This morning in the Paul VI Audience Hall, Pope Francis received students from Jesuit-run schools in Italy and Albania accompanied by their teachers and family members. It was a moment of affection and spontaneity prompting the Holy Father to say: “I've prepared a text but it's five pages and that's a little long. Let's do this: I'll give it to the Provincial Father and Fr. Federico Lombardi [director of the Holy See Press Office] so that you all can have it written and then some of you will ask me questions and I'll answer them. That way we can talk.”
As the Holy Father spoke at the audience—humorously noting that he had already reached the last page—he encourages the educators “to seek new forms of non-conventional education according to 'the needs of the places, times, and persons'.” The text closes with the reminder that “the Lord is always nearby, lifting you up after you fall and pushing you to grow and to make ever-better choices 'with great courage and generosity', with magnanimity. Ad Maiorem Dei Gloriam.” [For the greater glory of God, the Jesuit motto].
The floor was then given to several students and professors who asked the Pope unscripted questions. To the first student, who asked about the doubts regarding belief that he sometimes has and what he could do to help him grow in faith, Francis answered: “Journeying is an art because, if we're always in a hurry, we get tired and don't arrive at our journey's goal. If we stop, if we don't go forward and we also miss the goal. Journeying is precisely the art of looking toward the horizon, thinking where I want to go but also enduring the fatigue of the journey, which is sometimes difficult … There are dark days, even days when we fail, even days when we fall. [Sometimes] one falls but always think of this: don't be afraid of failures. Don't be afraid of falling. What matters in the art of journeying isn't not falling but not staying down. Get up right away and continue going forward. This is what's beautiful: this is working every day, this is journeying as humans. But also, it's bad walking alone: it's bad and boring. Walking in community, with friends, with those who love us, that helps us. It helps us to arrive precisely at that goal, that 'there where' we're supposed to arrive.”
An elementary school girl asked if the Pope continued to see his friends from grade school. “But I've only been Pope for two and a half months,” he answered. But he understood her concern and continued “My friends are 14 hours away from here by plane, right? They're far from here, but I want to tell you something, three of them came to find me and greet me and I see them and they write to me and I love them very much. You can't live without friends, that's important.”
The next question, also from a grade school girl, was if he wanted to be Pope. He responded by asking her: “Do you know what it means if someone doesn't love themselves very much?” He continued: “Someone who wants, who has the desire to be Pope doesn't love themself. ... But I didn't want to be Pope.”
Another girl asked why he had forsaken the wealth of the papacy, living at the Domus Sanctae Marthae instead of the Apostolic Palace apartments, and other similar choices. He answered: “It's not just about wealth. For me it's a question of personality. I need to live among people and if I lived alone, perhaps rather isolated, it wouldn't be good for me. A professor asked me this question: 'Why don't you go live there?' and I answered, 'Listen, professor, it's for psychiatric reasons.' Because … that's my personality. That apartment [in the Apostolic Palace] isn't so luxurious either, don't worry. But I can't live alone, do you understand? And well, I believe that, yes, the times talk to us of so much poverty in the world and this is a scandal. Poverty in the world is a scandal. In a world where there is so much wealth, so many resources to feed everyone, it is unfathomable that there are so many hungry children, that there are so many children without an education, so many poor persons. Poverty today is a cry. We all have to think if we can become a little poorer, all of us have to do this. How can I become a little poorer in order to be more like Jesus, who was the poor Teacher?” Returning to the original question, he finished: “It's not a question of my personal virtue. It's just that I can't live alone.” All the rest, not having so many things, “is about becoming a little poorer”.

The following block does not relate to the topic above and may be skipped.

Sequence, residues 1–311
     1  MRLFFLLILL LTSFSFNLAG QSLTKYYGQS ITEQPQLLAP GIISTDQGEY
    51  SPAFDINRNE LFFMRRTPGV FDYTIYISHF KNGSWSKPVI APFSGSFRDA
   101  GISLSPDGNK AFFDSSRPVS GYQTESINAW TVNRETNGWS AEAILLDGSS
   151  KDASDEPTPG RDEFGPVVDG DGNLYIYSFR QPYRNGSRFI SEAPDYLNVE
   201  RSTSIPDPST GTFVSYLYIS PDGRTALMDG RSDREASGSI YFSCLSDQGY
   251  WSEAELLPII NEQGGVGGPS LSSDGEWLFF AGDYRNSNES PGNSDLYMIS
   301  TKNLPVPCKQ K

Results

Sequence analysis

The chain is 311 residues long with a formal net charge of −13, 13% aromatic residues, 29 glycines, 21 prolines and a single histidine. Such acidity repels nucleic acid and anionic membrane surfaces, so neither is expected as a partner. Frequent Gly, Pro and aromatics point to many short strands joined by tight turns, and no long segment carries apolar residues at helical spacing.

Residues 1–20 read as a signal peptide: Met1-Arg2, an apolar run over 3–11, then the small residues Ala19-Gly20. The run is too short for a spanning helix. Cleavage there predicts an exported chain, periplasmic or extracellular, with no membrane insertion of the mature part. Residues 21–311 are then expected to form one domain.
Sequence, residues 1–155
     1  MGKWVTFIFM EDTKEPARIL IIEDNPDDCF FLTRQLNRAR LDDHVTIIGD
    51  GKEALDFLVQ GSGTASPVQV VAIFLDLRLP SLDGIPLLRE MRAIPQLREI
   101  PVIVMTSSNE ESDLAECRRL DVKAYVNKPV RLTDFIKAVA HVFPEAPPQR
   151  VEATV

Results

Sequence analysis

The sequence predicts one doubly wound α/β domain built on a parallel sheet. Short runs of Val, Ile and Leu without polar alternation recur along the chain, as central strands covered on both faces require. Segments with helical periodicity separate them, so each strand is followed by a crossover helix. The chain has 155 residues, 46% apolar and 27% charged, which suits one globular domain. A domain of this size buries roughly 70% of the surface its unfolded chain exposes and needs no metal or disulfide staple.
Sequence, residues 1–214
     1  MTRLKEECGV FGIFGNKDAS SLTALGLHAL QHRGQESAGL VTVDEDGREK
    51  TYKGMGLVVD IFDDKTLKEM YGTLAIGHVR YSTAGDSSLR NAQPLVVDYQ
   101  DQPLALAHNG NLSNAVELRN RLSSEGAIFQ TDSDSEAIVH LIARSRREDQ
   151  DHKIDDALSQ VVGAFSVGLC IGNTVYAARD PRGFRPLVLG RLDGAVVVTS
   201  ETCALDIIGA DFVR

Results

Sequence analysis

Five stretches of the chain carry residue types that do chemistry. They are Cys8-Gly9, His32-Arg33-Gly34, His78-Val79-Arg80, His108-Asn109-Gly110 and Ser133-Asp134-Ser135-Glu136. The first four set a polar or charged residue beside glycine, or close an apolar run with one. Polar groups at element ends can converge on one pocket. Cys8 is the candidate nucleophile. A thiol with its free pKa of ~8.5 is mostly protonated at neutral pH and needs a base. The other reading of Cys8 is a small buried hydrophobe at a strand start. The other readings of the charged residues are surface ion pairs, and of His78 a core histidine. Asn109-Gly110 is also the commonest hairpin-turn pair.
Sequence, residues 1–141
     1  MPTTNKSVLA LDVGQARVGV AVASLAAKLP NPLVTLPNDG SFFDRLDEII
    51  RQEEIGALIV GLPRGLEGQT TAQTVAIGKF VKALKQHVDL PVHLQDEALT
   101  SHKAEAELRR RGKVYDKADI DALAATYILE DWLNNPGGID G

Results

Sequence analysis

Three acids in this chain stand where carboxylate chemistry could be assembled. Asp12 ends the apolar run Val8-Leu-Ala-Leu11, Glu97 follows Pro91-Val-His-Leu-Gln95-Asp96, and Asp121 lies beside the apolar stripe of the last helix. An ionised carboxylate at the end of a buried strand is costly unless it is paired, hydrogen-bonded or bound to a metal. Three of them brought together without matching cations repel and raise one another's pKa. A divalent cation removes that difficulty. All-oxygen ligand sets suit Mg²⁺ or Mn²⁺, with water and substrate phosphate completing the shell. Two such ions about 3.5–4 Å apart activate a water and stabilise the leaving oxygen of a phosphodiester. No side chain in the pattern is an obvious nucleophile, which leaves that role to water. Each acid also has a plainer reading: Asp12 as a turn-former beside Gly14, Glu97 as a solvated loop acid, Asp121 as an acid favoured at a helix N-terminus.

The Pope also answered questions related to his choosing to become a Jesuit, but the last of the eight questions was from a young man who asked how young people should deal with the material and spiritual poverty that exists in the world. The Holy Father responded: “First of all I want to tell you something, tell all you young persons: don't let yourselves be robbed of hope. Please, don't let it be stolen from you. The worldly spirit, wealth, the spirit of vanity, arrogance, and pride … all these things steal hope. Where do I find hope? In the poor Jesus, Jesus who made himself poor for us. And you spoke of poverty. Poverty calls us to sow hope. This seems a bit difficult to understand. I remember Fr. Arrupe [Father General of the Jesuits from 1965-1983] wrote a letter to the Society's centres for social research. At the end he said to us: 'Look, you can't speak of poverty without having experience with the poor.' You can't speak of poverty in the abstract: that doesn't exist. Poverty is the flesh of the poor Jesus, in that child who is hungry, in the one who is sick, in those unjust social structures. Go forward, look there upon the flesh of Jesus. But don't let well-being rob you of hope, that spirit of well-being that, in the end, leads you to becoming a nothing in life. Young persons should bet on their high ideals, that's my advice. But where do I find hope? In the flesh of Jesus who suffers and in true poverty. There is a connection between the two.”